A look at the career of new Norwich City manager Alex NeilTHE emerging managerial career of new Norwich City boss Alex Neil is defined by winning.
Aged just 31 when he was trusted with the task of guiding Hamilton Academical in April 2013, his impact and results have certainly since caught the eye.
That’s especially been the case this season, with Neil – while still maintaining his own career as a central midfielder - leading his team to third position in the Scottish Premiership, beating holders Celtic on their own patch in October.
Only this week he was forced into playing down the prospect of the South Lanarkshire club qualifying for European competition at the end of season, such has been their rise under his stewardship.
The foundations of his success has been a trust in young players at a club that brought through current Premier League stars James McCarthy, now with Everton, and James McArthur, plying his trade at Crystal Palace, with the former citing Neil as an important influence on his progress.
Last year, he oversaw Hamilton’s return to the top flight in his first full term in charge, with his side beating Hibernian on penalties in a dramatic play-off final.
In an interview with the Daily Mail in September, he revealed that many of the responsibilities of football management have ‘come naturally’ to him.
“I have very few insecurities in terms of confidence, speaking to a group and putting my message across,” said Neil.
“I don’t mind demanding the most out of them or booting someone up the backside if I feel they aren’t pulling their weight.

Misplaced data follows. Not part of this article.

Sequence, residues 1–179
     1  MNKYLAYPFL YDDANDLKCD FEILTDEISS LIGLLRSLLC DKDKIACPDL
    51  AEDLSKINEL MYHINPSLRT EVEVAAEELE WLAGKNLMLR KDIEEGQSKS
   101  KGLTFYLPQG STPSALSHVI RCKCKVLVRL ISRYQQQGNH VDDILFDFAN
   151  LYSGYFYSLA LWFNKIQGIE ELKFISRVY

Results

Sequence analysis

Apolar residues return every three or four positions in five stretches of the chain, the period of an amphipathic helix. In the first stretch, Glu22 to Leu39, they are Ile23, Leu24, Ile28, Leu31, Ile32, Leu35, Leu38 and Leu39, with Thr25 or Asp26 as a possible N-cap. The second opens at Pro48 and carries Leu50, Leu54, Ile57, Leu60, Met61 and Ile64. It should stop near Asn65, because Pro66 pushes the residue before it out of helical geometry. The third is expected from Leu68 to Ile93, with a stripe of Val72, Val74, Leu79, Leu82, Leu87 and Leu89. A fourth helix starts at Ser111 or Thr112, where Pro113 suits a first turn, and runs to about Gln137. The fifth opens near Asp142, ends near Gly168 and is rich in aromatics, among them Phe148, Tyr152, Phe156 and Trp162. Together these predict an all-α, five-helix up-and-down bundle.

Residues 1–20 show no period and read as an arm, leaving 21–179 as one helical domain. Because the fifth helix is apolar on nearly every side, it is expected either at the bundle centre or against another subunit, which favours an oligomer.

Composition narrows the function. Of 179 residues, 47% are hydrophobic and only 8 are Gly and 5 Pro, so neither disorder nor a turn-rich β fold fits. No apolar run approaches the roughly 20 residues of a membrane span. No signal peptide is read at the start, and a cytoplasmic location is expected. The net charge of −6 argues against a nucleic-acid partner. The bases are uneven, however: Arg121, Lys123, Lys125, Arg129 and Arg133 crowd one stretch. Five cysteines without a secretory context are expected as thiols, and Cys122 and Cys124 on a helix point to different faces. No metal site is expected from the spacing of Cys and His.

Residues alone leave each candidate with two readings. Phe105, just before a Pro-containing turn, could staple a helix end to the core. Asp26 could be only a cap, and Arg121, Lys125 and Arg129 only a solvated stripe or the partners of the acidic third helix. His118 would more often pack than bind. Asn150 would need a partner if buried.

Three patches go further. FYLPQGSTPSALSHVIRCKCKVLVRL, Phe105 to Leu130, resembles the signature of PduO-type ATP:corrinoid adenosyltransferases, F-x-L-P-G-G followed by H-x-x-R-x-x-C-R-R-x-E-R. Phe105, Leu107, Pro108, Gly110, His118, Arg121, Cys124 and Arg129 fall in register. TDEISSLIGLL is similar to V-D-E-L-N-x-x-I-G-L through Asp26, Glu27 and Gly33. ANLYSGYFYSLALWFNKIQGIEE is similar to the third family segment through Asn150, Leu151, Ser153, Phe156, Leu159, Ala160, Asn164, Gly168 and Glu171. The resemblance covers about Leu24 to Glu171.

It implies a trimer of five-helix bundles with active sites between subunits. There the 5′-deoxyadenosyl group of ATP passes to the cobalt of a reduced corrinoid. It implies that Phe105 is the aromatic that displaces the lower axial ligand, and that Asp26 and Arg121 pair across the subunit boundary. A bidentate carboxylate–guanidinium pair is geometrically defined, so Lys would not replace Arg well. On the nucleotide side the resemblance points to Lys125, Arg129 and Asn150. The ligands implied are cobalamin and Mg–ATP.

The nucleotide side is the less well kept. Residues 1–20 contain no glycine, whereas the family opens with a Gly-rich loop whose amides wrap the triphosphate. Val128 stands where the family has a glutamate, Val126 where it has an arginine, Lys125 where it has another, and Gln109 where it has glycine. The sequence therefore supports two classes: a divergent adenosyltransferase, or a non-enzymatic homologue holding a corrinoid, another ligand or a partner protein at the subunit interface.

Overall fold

“All these sides to the job don’t really bother me. It’s something that comes naturally to me.”
From Bellshill close to Glasgow, Neil was thrown in at the deep end as a promising young player with Airdrieonians before crossing the border aged 19 to sign for Barnsley in 2000.
Across four seasons at Oakwell, he made 128 appearances, scoring four goals, and after a year with Mansfield Town, he returned to his native Scotland to sign for Hamilton, a club for whom he would go onto become a bona-fide legend.
Named captain after just three months at New Douglas Park, Neil played 44 times in his first season and went on to be the fulcrum of the team that earned promotion from the-then Scottish Division One in 2008 under Billy Reid, one his own key influences.
Reid ended his eight-year spell at the helm in 2013, and after initially assuming the player-manager role on an interim basis, Neil took the job on a permanent basis in May that year.
This summer would have seen him reach a decade at the club where he is hero-worshipped, but his final game in charge was a 1-0 victory at St Johnstone last Saturday.
Neil becomes Norwich City’s 39th different permanent manager, and the tenth Scotsman to take the reins.
At the age of 33, he also becomes the second youngest manager in the four professional leagues in English football, second only to Mansfield’s player-manager Adam Murray.
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